Daigo Saito has blessed us with yet another 2JZ swap, and we can’t look away from what the madman has wrought. This time, it’s a Yaris GR. The D1 Grand Prix and Formula Drift champ is no stranger to engine-swapping Toyota platforms, and we at Jalopnik held his 2JZ Supra as the crowning achievement, even if it was not long for this world.
Saito’s previous project was brief vindication for all those who lamented, perhaps unfairly, that the beating heart of the new Supra was a BMW-derived straight-six. Saito’s encore 2JZ project focuses on Gazoo Racing’s Yaris, and if you’re a small-car lover, you’ll likely agree Saito has outdone himself this time. To achieve drift supremacy, Saito did away with the three-cylinder, 1.6-liter G16E-GTS engine and the GR-Four traction system. He also traded the stock body for a Pandem kit from Rocket Bunny in order to fit the larger tires and steering angle kit.
This 2JZ project doubles the factory engine’s cylinder count and more than triples the output to a whopping 1,000 HP. That’s impressive by itself and needs no more fanfare, even if Saito had already reached similar power output with the 2JZ Supra.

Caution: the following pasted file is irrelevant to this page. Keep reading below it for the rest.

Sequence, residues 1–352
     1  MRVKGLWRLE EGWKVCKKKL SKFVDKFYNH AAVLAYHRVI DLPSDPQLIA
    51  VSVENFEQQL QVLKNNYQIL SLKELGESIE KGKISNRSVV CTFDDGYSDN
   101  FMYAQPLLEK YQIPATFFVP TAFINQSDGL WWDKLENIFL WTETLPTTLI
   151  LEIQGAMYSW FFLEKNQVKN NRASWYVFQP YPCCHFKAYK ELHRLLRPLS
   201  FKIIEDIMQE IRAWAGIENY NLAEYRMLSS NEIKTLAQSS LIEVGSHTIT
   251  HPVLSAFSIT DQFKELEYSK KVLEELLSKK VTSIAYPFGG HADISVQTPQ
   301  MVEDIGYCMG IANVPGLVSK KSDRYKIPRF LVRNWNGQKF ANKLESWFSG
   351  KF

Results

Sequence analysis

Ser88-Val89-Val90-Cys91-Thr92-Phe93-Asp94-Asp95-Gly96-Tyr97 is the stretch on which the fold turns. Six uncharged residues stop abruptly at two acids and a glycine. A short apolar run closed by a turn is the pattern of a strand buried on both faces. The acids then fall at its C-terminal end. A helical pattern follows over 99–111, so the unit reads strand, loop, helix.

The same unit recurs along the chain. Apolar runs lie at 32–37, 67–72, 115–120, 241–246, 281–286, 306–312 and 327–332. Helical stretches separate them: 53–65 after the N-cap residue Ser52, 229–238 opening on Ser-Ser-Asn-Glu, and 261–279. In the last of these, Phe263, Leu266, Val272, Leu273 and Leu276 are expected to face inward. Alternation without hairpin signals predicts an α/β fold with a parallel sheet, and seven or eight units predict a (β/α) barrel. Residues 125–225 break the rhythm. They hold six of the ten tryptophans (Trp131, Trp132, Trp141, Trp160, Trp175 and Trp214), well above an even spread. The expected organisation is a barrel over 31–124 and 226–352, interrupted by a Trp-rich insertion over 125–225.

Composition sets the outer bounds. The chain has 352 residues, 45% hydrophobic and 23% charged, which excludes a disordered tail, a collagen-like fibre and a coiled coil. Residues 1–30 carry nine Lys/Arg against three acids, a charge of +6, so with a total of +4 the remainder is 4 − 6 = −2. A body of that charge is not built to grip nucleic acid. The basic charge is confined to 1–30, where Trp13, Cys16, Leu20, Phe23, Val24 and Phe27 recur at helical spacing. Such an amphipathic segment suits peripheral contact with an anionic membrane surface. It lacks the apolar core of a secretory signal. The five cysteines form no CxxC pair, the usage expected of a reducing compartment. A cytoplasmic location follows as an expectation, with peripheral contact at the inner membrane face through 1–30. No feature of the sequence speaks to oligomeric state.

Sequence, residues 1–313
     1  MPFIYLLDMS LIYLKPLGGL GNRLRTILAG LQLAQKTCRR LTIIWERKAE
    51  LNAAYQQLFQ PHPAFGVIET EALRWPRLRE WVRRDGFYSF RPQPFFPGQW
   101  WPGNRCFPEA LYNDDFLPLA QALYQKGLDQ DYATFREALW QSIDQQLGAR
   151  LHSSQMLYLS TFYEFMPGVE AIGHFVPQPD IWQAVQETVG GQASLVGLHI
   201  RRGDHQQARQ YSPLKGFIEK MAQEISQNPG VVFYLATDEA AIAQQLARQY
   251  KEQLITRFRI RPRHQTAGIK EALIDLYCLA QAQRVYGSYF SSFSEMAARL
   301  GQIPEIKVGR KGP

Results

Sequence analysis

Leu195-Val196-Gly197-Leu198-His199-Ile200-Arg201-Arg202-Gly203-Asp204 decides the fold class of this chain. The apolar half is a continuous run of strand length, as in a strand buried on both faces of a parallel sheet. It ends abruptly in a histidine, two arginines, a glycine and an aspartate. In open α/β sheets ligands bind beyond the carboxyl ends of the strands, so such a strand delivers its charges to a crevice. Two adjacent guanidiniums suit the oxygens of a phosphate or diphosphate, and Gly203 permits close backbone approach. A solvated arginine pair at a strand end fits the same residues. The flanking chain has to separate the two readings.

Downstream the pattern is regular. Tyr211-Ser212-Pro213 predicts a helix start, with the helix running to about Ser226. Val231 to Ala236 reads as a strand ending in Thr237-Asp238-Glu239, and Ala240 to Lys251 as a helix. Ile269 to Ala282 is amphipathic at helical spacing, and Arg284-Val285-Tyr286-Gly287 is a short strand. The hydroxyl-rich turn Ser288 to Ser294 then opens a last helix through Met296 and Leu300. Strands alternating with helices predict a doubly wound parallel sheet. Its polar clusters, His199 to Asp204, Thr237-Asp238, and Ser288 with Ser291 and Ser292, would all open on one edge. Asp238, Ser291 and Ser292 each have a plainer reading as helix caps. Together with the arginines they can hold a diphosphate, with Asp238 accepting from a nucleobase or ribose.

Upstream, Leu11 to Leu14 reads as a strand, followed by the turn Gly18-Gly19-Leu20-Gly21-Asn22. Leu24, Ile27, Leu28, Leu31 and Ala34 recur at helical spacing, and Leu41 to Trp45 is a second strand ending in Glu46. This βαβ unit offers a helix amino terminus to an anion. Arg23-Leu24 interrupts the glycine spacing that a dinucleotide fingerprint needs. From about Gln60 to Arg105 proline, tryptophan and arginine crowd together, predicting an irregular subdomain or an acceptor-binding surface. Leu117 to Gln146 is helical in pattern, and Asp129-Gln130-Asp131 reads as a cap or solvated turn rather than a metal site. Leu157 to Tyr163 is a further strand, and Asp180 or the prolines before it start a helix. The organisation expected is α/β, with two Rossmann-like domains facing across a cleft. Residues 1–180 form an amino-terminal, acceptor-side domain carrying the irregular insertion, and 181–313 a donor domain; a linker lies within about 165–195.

What I want to emphasize is the sheer absurdity of putting an engine that powerful into a platform so small and light. Saito’s Yaris can’t weigh much more than a stock Yaris GR, which comes in at a little over 2,800 pounds. Try to imagine what 1,000 HP must be like in such a flyweight vehicle. It might actually be easier to drift the Yaris everywhere than forcing it to follow a straight vector.
We sincerely hope Saito’s Yaris will not suffer the same fate as his Supra, or that the gods do not strike it down in sheer envy. But even then, we know neither of those setbacks would stop him. Daigo Saito is Sisyphus, except he’s not rolling a boulder. He’s rolling through turns in a chariot too good for Olympus. Oh, Daigo, keep rolling; keep pushing up that hill. We will know you by the fury and the sound of your engine.